It is also directly linked to Brexit given that welcoming anything like a remotely fair share of refugees and asylum seekers is deemed a betrayal of Brexit promises. As Sir Edward Leigh spluttered pucely this week, we were meant to have “taken back control of our borders” (even if not as yet going so far as Leigh’s own solution of taking back control of Calais, lost in 1558). Yet here is an obvious case of the failure of Brexiters to understand that choices have consequences. For if, as they think desirable, Britain wants to send asylum seekers back to EU (and EFTA) countries it can no longer do so using the Dublin Regulations, from which it voluntarily exited as part of Brexit.

Meanwhile, the UK’s preferred approach of creating bilateral agreements with EU countries for the same purpose has come to nothing, and any idea of such an agreement with France, in particular, looks unlikely given the parlous state of Anglo-French relations post-Brexit. The latter issue perhaps also reveals the consequences of hiving off UK-EU relations to Frost with his default setting of pugnacity and insistence on sovereignty at all costs. That hardly helps when you suddenly discover that you need cooperation and goodwill. Nor does Johnson’s long history of jibes at the French, as suggested by this morning’s news that his latest intervention, regarded by France as “unacceptable”, has prompted the withdrawal of an invitation to Home Secretary Priti Patel to discuss the situation.

At all events, far from being a solution, Brexit has added to the supposed problem and certainly done nothing to avert the horror that happened in the Channel this week which is all too likely to be repeated despite – indeed in part because of - Patel's crocodile tears. This creates another policy area in which Johnson is failing, and it’s an inevitable consequence of seeking to appease rather than challenge the Faragist narrative. Such appeasement is bound to lead to failure because it refuses to recognize the real problems and their possible solutions and also because whatever the government did wouldn’t be enough for Farage.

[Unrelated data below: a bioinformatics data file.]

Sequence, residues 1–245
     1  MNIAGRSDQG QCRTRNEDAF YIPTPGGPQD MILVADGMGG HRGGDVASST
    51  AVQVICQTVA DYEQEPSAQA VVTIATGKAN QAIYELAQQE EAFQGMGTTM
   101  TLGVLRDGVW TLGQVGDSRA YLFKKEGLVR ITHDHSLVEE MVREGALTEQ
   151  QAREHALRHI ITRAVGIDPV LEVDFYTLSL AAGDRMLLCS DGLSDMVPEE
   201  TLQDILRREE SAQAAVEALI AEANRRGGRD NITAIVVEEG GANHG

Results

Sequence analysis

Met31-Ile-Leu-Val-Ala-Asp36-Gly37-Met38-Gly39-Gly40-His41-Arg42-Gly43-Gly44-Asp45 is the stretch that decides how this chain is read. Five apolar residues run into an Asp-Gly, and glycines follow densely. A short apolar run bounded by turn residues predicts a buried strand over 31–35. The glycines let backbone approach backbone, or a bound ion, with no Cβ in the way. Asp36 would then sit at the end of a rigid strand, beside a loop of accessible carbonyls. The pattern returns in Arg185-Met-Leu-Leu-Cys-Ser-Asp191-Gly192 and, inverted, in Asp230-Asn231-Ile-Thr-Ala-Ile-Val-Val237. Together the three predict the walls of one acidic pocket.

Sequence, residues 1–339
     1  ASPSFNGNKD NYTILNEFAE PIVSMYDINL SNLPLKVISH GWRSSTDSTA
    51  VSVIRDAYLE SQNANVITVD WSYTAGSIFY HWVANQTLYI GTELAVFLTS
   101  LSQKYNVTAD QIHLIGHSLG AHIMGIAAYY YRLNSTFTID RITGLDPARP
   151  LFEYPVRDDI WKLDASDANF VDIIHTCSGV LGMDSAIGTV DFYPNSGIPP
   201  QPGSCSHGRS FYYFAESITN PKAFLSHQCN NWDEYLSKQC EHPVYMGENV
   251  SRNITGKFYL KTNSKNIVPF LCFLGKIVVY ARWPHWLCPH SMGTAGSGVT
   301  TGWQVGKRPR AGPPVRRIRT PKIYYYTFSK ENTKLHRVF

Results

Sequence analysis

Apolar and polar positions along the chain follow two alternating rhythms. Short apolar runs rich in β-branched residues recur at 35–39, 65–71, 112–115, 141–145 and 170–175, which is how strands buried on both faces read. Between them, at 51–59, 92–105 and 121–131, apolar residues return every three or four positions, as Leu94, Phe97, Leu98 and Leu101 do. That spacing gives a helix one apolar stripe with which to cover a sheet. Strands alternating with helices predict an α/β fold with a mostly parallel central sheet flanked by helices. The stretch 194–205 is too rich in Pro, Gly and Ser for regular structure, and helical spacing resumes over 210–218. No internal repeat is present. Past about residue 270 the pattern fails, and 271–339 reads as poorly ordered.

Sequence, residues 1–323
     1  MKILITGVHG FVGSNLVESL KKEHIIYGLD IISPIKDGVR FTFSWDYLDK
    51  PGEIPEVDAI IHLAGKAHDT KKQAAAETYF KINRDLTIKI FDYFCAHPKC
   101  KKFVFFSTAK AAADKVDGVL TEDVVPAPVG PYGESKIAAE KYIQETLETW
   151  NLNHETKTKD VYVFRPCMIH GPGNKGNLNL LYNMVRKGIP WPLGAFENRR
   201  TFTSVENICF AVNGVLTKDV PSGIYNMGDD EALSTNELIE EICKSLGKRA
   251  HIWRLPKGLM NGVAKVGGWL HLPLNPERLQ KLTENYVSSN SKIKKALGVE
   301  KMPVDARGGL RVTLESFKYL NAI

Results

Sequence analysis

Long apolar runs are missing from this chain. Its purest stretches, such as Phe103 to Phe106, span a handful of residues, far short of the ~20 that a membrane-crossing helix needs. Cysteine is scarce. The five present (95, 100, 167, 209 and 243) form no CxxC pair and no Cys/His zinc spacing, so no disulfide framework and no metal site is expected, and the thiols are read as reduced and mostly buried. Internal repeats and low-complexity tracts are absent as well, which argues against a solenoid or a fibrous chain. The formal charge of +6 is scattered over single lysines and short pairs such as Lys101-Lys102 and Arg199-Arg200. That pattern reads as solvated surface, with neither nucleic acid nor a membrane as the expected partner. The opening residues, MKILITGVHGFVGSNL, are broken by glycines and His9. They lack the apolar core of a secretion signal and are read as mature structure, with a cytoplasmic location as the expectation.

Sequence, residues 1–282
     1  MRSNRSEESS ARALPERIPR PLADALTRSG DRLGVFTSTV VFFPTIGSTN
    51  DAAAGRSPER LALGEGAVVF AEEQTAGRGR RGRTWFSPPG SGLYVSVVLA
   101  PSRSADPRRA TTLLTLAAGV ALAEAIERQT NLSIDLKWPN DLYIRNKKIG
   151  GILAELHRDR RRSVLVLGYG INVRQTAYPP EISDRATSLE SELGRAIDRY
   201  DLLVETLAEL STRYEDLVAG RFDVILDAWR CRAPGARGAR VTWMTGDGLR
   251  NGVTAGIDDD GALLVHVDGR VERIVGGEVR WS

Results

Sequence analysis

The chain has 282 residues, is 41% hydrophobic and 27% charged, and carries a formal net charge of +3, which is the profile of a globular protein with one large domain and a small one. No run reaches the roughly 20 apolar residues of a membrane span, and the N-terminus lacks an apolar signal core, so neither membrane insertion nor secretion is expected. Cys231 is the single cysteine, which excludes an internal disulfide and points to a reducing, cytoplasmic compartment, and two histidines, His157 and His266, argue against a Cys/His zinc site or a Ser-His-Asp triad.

At the other end of the migration spectrum, a scheme announced by Patel six months ago to attract Nobel Prize winners and other field-leading figures to the UK has this week been revealed to have had precisely zero applications. It’s hardly a surprise considering how post-Brexit Britain appears to the outside world, something to which Brexiters are entirely oblivious. That includes the vileness of attitudes to refugees, of course. For whilst Brexiter politicians may purr about welcoming ‘the brightest and the best’, the general climate they have created means it’s by no means fanciful to imagine anyone who did come under the scheme being spat at, abused and told to ‘go back where you came from’, or worse.

It’s also another example of the boosterish but insubstantial nature of Brexitified politics. As Professor Andre Geim of Manchester University, himself a Nobel Laureate, put it, the scheme suffered from the “verbal diarrhoea of optimism”. Building and maintaining a science base, like many other policies, requires long patient slog to build capacity, not gimmicks or endless rhetoric about being ‘world-leading’.

After Johnson

If it’s the case that Johnson is the joke that isn’t funny anymore, it doesn’t follow that Brexit is similarly discredited. For one thing, for all that Johnson may have sold it as a larky adventure, Brexit has never been remotely amusing. More important is to recall that the connection between Johnson and Brexit is contingent rather than necessary.

This means that his demise, when it comes, will not reverse Brexitification (and, of course, will certainly not reverse Brexit). It’s all but unthinkable that his successor as Tory leader will not be an ardent Brexiter, and probably a more convinced one than Johnson. Nor is it clear that a UK government under any other party will be able, or will even necessarily try, to undo the toxic effect of Brexitificaton.

The tragedy of that will linger long after the joke has ended.

PMP Magazine


Professor Chris Grey, Professor of Organization Studies at Royal Holloway, University of London, and previously a professor at Cambridge University and Warwick University.